Craig, I agree with you. Lee Valley is a great company. Their intentions are good.
I only used Lee Valley as an example as I had just returned from their store. The point being more and more companies are asking for data. They don't need that data to sell me an item do they? Or do they? Why ask for it?
I have been personally surprised at some of the information I have been asked for.
Now a company does not have to sell or rent your information to be used in an inappropriate way. Taking away the obvious stolen data bases or accidentally released databases, this information can still be used by creative people in creative ways.
A good example is CIBC VISA.
They recently started sending me an email to tell me that I have made a payment to my account. I'm not happy about it. First off there is no need for this email. I know I paid it. I don't think anyone else would want to pay it. Called them to explain the issues with such an email.
They didn't get it. Had to get creative to prove a point to them.
So here is their eamil.....
You've recently received a $XX.64 payment to your CIBC Classic Visa Card ending in XXXX.
Note: some payments may take up to 3 hours to be displayed on CIBC Online or Mobile Banking.
CIBC is committed to protecting your privacy and personal information. We will not include your personal details in messages outside of Online or Mobile Banking because email is not a secure method of communication.
Do not respond to this email.
From this simple email I have the name of the owner of the card and 12 of the 16 digits of the card already figured out. The first eight are easy. The last eight are hard. They gave me 4 of the last 8. Only 9999 numbers to choose from. But wait it gets better......I can narrow this down very quickly to just over 100 possible valid choices. (I won't explain here how, but its simple).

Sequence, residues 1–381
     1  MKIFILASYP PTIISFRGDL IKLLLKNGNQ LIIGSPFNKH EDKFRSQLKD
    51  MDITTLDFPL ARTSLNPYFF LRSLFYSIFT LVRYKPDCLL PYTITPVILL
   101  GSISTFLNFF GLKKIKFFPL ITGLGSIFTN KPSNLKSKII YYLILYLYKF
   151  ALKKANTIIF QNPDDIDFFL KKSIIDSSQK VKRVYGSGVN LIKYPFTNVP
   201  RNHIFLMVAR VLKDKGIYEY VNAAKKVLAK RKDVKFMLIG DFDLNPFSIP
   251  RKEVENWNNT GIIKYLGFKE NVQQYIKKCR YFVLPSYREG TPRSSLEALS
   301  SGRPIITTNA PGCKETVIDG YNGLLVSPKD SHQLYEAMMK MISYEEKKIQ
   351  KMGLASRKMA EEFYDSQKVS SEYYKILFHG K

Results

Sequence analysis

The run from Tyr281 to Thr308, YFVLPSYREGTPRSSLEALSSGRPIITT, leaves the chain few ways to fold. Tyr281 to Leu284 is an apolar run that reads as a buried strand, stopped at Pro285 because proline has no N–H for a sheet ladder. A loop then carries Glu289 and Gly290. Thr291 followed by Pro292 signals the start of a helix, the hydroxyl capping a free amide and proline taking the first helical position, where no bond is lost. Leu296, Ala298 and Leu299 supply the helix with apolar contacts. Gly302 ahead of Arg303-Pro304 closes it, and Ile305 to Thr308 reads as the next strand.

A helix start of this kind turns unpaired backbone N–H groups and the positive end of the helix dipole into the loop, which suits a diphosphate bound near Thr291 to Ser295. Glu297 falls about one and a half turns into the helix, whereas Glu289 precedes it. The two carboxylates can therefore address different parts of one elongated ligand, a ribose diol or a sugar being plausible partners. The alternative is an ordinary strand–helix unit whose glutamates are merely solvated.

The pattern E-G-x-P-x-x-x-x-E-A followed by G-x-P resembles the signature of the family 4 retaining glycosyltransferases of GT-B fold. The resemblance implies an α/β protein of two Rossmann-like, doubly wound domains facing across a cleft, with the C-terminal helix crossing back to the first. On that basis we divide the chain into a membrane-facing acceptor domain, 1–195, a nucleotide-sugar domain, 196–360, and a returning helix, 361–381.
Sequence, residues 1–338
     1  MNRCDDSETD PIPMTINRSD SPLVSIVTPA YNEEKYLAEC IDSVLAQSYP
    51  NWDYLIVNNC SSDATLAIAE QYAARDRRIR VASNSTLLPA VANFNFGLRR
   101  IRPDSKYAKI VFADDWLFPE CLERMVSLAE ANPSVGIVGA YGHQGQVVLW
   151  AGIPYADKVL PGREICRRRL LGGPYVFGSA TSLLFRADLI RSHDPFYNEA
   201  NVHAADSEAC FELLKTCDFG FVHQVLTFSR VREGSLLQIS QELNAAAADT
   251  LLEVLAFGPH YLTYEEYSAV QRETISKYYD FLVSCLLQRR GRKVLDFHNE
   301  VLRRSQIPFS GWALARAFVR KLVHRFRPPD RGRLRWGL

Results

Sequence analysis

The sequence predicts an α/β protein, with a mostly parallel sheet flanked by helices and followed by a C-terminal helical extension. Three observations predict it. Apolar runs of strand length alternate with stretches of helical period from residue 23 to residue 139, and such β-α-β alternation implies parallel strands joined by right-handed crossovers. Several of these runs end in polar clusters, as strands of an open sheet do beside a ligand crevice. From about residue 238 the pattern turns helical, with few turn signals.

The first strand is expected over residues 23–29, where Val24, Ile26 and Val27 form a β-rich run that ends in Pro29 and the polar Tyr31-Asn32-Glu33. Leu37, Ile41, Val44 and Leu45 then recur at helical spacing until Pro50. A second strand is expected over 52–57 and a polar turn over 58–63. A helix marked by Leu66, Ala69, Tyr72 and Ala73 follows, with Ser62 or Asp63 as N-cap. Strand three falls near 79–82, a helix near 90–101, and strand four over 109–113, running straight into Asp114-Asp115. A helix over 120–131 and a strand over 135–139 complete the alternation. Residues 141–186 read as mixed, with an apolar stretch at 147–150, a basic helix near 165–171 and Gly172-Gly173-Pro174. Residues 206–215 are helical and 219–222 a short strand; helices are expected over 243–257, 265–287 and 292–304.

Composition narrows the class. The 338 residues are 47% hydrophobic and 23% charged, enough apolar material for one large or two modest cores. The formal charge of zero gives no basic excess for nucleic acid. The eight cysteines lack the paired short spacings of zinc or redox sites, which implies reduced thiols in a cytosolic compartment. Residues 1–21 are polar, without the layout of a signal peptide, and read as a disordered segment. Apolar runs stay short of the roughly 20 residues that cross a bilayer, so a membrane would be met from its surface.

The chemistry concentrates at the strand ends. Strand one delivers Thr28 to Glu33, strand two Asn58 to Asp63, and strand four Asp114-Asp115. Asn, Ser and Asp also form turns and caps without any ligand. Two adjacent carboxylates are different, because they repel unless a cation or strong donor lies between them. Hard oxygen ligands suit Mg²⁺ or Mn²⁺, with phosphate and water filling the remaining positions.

So I called them back to show them how far I was able to get with this email to prove my point and....tada.....the final answer presents itself to me. When you call the Visa number it asks you to type in your Visa card number.
OK, Now I am using their database
to verify the 100 possible choices to complete my card number. Type in my first number. That is not a valid card number. Please re enter your card number.
It did not take long to get my full card number.
Here I am using their own database to complete my mission. Their email says they ares committed to protecting your privacy and personal information.
Their intentions are good but dangerous. I'm still working on it but I'm sure I can get the expiry date and the secret code. Actually the expiry date will be pretty easy. Most cards will expire with in 5 years....some three. Only 60 possible dates at the max to work with here.
In their email they also state "email is not a secure". This is correct. Anyone can read your email.
Sorry for rambling , point is most companies are operating with the best intentions without realizing that there are so many holes. I'm a small guy in all of this and I can pull off magic.....what are the big players able to do?
Databases are sold , traded and bought all over the web. Some legally. Some not so legal. More and more of these contain photos, audio, and video.
I added the letter N to my last name at Lee Valley. It will be interesting to see if it makes its way back to me.
Have a great night.